SAX APPEAL is a great album. If you’re not that familiar with Swedish jazz, this is a good place to start.

Fresh Sound Records

Rolf Billberg – Alto Sax; Harry Bäcklund – Tenor Sax; Allan Lundström – Tenor Sax; Lars Gullin – Baritone Sax; Nils Lindberg – Piano & Arranger; Sture Nordin – Bass; Conny Svensson – Drums

Nils Lindberg TV-Orkester

Maffy Falay – Trumpet; Ake Persson – Trombone; Allan Lundström – Tenor Sax; Tosten Wennberg – Baritone Sax; Nils Lindberg – Piano; Sture Nordin – Bass; Conny Svensson – Drums

The Swedish Modern Jazz Group, Recorded in Stockholm 1960

A music critic described Swedish composer and pianist Nils Lindberg as a “musical knight,” riding on the frontiers of music. I looked through his extensive discography and saw jazz, classical composition, Swedish folk music. He was a busy guy. When it comes to jazz he worked with the great Swedish jazz vocalist, Alice Babs. He wrote arrangements for Duke Ellington. He worked with Josephine Baker, Judy Garland, and Mel Torme.

The Swedish Modern Jazz Group, recorded in 1960, didn’t have any brass players, but you get a lot of saxophone. The arrangements are silky smooth. It’s West Coast California cool, with a touch of the older swing band sound.

On ‘Curbits ’Lars Gullin has the first solo on baritone sax, and it’s gorgeous. Allan Lundström solos next on the tenor sax. Rolf Billberg steps in next on the alto sax. I’m struck by how good all the saxophone players are. Was there something in Sweden’s drinking water that turned sax players into phenomenal soloists?

Lindberg was a fine jazz pianist, but maybe a bit tentative. He sure knew how to write pretty melodies.

Lars Gullin intros ‘Brand New,’ There’s a lovely duet with bassist Sture Nordin. The basslines are thick and resonant. Lindberg’s piano dances along the upper keys, creating a charming contrast. Harry Bäcklund and Allan Lundström, both on tenor sax, collaborate and then trade off amazing solos. Drummer Conny Svensson’s brushwork on the cymbals is flawless.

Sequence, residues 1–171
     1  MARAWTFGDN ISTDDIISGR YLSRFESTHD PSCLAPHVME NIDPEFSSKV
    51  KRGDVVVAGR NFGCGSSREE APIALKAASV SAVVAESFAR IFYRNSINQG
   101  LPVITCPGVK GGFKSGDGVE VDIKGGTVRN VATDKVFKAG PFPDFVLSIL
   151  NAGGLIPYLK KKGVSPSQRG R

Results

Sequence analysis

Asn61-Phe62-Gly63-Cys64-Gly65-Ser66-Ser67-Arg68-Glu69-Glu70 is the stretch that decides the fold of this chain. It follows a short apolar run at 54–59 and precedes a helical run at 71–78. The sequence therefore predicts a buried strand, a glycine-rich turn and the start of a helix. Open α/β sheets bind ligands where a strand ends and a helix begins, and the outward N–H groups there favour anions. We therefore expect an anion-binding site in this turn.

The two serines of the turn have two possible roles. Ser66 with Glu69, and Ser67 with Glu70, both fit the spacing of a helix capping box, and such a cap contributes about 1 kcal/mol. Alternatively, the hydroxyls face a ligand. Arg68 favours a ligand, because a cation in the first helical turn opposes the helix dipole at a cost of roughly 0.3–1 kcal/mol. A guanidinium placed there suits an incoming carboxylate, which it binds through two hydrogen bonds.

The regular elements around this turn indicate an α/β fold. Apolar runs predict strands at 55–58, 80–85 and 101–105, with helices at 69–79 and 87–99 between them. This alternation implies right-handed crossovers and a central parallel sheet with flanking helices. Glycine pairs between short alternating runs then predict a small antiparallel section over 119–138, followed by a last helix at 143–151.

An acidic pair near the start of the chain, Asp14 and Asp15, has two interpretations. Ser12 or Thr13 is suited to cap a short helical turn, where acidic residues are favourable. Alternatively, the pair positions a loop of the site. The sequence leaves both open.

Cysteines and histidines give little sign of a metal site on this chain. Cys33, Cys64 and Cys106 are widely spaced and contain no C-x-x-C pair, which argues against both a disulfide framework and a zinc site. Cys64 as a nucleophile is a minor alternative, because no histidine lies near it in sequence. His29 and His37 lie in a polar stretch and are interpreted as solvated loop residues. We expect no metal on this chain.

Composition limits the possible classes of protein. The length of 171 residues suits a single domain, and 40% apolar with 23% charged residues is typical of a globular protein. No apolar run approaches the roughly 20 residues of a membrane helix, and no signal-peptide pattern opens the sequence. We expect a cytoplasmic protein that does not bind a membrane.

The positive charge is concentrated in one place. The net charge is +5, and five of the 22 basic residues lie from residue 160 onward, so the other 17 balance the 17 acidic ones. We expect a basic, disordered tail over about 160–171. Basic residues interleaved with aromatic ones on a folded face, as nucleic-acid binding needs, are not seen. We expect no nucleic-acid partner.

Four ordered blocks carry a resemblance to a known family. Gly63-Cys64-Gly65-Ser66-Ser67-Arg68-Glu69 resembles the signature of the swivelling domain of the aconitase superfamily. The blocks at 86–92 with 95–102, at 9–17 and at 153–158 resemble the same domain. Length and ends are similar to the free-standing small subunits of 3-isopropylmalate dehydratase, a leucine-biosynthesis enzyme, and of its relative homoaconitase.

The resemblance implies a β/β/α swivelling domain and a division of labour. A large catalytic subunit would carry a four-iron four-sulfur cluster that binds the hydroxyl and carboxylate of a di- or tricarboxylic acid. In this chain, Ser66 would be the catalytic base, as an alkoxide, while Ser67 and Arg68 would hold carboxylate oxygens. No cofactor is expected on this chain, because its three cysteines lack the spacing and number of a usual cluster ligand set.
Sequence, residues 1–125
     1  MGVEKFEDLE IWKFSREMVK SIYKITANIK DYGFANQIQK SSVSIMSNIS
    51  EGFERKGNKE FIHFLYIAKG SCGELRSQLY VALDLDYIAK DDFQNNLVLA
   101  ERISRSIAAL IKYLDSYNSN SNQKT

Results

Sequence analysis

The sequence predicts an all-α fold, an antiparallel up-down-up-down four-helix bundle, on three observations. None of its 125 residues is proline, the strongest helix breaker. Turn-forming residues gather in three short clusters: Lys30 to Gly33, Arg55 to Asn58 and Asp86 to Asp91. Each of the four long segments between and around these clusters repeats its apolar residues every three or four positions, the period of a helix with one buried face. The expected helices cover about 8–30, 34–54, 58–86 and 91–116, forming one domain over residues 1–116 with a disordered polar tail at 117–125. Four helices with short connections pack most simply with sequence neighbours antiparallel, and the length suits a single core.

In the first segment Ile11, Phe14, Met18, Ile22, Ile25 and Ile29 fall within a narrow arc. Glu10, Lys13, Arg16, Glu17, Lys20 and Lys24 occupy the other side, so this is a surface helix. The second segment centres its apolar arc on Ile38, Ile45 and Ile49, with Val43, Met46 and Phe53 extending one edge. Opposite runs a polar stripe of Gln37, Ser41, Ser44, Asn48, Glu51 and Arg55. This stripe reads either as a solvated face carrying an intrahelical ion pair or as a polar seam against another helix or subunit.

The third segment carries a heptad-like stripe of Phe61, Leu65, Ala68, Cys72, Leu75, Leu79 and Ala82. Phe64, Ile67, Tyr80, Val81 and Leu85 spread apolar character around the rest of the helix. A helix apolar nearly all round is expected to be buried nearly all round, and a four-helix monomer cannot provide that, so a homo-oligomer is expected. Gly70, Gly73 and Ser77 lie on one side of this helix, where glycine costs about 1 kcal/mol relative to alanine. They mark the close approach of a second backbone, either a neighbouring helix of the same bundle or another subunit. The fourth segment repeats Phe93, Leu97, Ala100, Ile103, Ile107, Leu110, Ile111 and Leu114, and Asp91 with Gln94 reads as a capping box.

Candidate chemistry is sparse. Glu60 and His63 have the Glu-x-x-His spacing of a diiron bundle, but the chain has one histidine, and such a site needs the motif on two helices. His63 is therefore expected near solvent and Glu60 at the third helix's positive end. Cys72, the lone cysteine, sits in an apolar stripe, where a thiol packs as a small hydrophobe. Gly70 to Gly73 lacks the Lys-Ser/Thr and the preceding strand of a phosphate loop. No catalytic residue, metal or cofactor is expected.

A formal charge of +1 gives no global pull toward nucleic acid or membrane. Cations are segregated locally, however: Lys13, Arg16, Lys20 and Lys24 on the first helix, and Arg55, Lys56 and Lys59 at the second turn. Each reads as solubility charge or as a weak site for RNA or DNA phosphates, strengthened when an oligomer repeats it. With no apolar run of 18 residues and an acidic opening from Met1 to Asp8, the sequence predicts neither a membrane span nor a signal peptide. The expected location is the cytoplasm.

Lindberg composed most of the music, but the band does Charlie Ventura’s ‘Birdland, ’and it’s a knockout. Beautiful unison playing, drummer Svensson is given free rein, and he goes for it. There is a fabulous alto solo from Billberg. The rest of the sax players show their stuff. I was familiar with Lars Gullin. I had not heard of these other great sax men.

There are four tracks from another of Lindberg’s bands, Nil Lindberg’s TV Orkester. Trumpeter Maffy Faley and trombonist Ake Peerson were added. Tosten Wennberg replaced Lars Gullin on the baritone sax. Their version of ‘Cotton Tail ’was performed by a much smaller outfit than the Duke Ellington orchestra, but they played their hearts out. There are some excellent solos from everyone, even Lindberg, despite having to play on a tinny-sounding piano.

‘Blues For Bill ’is another Lindberg composition. Bass and piano comp for a bit, and then there is this great theme. It reminded me of the theme from The Andy Griffith show. The band plays in unison, before the tenor sax, trumpet, and trombone show off their improvization skills.

SAX APPEAL is a great album. If you’re not that familiar with Swedish jazz, this is a good place to start.

There is no better jazz reissue label than Fresh Sound Records. They remaster everything they put out. Many times, the reissue sounds better than the original.